Irvine Welsh
Illustration: Hawk Krall

If you’re the sort of writer I am, you tend to let the subconscious do the heavy lifting. I don’t formally “research” characters, but they inevitably come out of the mix of social interactions that I enjoy. I used to hang around bars a lot, and being a writer provides a great excuse to do this. As I’m not so much of a drinker these days, this happens a lot less. But if I no longer vibe on alcohol itself, I still enjoy bars. The great thing about Chicago is that you can always find one open late—the byproduct of a post-Depression ordinance meant to kick-start the local economy.

Not drinking so much changes your view of the late night. For one thing, being drunk anesthetizes you against a lot of the misery abundant in such scenes. Where before you saw only the swashbuckling bonhomie of revelers, now the standouts are often lonely alcoholics or troubled people in the midst of some deep personal crisis. But they, too, need a place to go, and I’m glad such hostelries exist for them, along with the bartenders of B-movie mythology who announce, “You look like you’ve had a hard night …” It puts the issues that writers face (“I can’t finish this chapter” or “I can’t get this character right”) into perspective.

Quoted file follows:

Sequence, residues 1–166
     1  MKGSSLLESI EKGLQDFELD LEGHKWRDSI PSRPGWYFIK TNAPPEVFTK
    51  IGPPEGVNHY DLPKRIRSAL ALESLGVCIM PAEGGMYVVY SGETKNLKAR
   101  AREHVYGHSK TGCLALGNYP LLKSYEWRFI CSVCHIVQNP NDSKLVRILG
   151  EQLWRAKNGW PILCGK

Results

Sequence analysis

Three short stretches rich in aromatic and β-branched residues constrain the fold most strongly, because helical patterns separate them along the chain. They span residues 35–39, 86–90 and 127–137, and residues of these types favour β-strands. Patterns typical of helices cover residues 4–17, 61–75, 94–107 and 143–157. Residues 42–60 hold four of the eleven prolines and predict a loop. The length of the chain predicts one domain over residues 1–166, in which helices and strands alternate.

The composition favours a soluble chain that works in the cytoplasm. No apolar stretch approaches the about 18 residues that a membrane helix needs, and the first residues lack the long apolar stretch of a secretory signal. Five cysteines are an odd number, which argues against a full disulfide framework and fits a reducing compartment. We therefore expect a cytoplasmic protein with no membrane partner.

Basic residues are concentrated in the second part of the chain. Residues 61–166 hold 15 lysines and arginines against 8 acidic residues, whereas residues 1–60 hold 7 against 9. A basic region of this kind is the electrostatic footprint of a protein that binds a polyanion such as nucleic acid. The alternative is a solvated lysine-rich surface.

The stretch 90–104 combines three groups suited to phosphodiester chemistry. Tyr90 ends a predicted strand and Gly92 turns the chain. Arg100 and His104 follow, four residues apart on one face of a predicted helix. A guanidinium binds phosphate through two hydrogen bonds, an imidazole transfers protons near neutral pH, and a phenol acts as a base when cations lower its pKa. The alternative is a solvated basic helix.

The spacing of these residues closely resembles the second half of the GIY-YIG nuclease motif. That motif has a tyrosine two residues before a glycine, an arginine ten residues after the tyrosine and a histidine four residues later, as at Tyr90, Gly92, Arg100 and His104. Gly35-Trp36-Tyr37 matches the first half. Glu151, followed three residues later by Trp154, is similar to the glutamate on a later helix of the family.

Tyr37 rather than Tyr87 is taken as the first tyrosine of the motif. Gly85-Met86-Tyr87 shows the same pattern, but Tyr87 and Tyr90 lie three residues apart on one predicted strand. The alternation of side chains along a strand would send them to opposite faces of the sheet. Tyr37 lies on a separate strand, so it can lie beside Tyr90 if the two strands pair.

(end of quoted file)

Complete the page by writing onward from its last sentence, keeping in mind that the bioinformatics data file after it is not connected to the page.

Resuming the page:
But the main reason for going to a late-night dive? In an era of gentrification and the faux sophistication it brings in its wake, this is where you find the soul of the city. So if you think that the blue-collar, hustling, potty-mouthed, bighearted, and broad-shouldered Chicago is dead, step inside a Division Street bar at 5 a.m. You might just bump into the next Algren.